After heavy rains and flash flooding across parts of the Southwest this weekend, more than nine million people in the Southern Plains are under a flood watch this Sunday, including the Dallas-Fort Worth metro area and Shreveport, Louisiana.
Heavy rains falling on the Texas/Oklahoma border on Sunday morning are expected to continue into Monday, with 4-8 inches of rain forecast overall across the region. Some areas may have more than 203mm and flash flooding.
“We don’t know which areas will get more than 8 inches of extreme rain, but if it happens near you, there will be significant flash flooding,” warned the Fort Worth/Dallas office of the National Weather Service.
“Everyone in the alert area should plan for extra travel time, especially Monday morning,” the weather service said.
The Weather Prediction Center has issued a level 3 out of 4 “moderate risk” for excessive rain, primarily in North Texas, where up to 3 inches of rain could fall per hour during Sunday’s heaviest storms.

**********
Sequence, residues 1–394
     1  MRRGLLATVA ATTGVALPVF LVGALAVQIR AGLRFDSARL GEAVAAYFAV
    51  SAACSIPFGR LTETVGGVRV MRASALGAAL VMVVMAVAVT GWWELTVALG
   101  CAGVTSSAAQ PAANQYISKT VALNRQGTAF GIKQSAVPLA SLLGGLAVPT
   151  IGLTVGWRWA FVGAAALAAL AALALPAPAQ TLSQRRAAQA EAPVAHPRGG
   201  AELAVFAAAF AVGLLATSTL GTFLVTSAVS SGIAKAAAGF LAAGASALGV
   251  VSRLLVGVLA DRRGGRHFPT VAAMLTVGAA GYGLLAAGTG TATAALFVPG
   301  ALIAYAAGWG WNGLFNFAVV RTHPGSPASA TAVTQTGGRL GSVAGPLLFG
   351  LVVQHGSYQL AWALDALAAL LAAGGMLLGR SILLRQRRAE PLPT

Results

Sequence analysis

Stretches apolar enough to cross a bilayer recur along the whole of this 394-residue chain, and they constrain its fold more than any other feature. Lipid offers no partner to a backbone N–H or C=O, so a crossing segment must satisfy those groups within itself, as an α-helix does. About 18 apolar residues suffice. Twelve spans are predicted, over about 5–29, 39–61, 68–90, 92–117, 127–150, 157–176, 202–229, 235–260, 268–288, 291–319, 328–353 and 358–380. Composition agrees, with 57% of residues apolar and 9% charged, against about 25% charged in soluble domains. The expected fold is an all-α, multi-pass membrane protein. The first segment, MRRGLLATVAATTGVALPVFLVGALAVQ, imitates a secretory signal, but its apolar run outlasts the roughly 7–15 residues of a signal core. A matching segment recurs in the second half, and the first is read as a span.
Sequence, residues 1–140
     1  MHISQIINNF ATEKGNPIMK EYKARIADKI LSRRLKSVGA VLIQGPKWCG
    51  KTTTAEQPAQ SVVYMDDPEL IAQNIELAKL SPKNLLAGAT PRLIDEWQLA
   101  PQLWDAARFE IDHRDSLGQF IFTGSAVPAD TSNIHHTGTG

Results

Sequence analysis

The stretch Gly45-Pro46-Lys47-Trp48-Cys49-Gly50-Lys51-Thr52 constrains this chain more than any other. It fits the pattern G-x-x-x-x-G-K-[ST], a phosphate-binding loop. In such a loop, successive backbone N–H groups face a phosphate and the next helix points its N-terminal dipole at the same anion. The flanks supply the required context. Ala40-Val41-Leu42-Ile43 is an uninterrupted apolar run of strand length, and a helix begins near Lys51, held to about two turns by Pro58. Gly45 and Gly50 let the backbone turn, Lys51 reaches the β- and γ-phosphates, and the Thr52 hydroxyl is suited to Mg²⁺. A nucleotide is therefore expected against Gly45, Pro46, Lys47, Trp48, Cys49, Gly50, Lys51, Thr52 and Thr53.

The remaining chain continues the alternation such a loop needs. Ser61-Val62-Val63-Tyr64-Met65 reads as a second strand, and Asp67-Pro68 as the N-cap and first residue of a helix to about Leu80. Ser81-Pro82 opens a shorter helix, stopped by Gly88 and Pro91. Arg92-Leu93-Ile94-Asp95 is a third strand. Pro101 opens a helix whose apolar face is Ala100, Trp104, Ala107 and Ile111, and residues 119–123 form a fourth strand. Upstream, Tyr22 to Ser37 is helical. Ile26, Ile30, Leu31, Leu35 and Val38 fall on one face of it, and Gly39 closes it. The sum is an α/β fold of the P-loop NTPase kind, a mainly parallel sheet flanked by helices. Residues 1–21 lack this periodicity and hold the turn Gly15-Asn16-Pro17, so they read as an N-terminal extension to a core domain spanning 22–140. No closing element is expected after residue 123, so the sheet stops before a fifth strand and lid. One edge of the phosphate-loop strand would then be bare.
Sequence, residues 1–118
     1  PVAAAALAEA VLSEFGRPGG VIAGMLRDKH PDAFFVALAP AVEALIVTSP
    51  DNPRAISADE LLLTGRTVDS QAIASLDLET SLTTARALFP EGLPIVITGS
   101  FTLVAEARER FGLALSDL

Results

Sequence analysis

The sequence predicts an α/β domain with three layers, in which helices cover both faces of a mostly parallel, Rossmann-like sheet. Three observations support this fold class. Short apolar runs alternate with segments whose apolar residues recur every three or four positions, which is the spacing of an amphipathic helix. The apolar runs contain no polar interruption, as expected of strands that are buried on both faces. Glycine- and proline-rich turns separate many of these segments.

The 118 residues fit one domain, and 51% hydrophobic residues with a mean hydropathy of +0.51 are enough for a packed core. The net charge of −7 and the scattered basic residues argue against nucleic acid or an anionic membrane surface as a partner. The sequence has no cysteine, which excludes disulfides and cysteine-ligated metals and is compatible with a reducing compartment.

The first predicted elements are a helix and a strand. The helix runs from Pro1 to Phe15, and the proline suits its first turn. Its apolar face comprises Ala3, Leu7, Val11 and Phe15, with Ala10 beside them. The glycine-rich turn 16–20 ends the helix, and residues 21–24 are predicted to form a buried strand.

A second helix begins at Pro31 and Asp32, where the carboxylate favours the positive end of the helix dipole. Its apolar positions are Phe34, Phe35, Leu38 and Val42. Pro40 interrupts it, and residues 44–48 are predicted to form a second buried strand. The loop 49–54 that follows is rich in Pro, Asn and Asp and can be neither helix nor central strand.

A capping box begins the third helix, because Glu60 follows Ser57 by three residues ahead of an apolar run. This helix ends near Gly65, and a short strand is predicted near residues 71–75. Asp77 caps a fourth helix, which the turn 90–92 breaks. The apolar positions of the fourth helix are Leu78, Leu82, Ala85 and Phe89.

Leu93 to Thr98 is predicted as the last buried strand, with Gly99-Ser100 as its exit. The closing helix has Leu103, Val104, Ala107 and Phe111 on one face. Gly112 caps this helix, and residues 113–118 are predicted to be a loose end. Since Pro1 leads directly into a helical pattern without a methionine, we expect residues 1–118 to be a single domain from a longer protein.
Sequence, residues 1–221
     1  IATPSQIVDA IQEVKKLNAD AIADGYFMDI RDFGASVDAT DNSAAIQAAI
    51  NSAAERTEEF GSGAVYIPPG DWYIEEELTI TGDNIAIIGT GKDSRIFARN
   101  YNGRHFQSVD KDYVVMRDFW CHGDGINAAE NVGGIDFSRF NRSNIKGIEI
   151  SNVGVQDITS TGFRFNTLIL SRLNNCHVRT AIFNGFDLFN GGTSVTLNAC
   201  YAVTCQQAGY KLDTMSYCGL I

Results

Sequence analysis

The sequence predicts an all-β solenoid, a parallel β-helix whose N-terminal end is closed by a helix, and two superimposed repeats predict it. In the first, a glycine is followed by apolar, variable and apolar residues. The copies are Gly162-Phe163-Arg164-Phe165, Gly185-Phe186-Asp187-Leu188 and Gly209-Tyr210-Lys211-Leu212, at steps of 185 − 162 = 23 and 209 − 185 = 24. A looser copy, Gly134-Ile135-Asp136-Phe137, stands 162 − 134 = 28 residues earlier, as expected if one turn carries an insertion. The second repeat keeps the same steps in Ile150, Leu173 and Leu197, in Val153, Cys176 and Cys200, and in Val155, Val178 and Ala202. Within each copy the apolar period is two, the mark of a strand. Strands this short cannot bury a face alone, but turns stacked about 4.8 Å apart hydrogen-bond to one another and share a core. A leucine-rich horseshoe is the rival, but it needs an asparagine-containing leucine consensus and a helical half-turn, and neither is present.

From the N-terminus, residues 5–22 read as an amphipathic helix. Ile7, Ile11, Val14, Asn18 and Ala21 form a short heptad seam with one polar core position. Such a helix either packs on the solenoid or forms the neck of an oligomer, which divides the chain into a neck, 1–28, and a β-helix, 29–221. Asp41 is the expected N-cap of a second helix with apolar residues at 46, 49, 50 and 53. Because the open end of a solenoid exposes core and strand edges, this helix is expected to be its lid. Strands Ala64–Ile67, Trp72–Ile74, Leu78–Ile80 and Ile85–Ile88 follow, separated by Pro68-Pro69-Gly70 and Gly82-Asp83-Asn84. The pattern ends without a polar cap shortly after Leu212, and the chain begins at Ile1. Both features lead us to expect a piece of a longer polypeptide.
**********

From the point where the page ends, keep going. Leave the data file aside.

“Much of this rain will be beneficial and welcome due to the effects of an ongoing drought, but there is still the potential for flash flooding in urban areas and places with poor drainage,” the Center said.
More than 90% of the state of Texas is currently experiencing drought conditions with nearly 62% under extreme or exceptional drought conditions, the two highest categories.
Additional flood watches could be added for surrounding locations later this Sunday.
Some rain lingers in parts of Arizona and New Mexico this Sunday after flooding in parts of the Southwest on Saturday.
In Utah, several hikers were “swept away” Friday in Zion National Park by flash flooding. Search and rescue team members were still working Saturday to find a missing hiker near the Virgin River, the park reported.
In New Mexico, about 160 people had to take shelter for several hours in Carlsbad Caverns National Park on Saturday due to flash flooding, the city of Carlsbad said. in a Facebook post.
The park is closed on Sunday, the National Park Service said.
“Maintenance crews will begin assessing and clearing debris from the road,” the National Park Service added.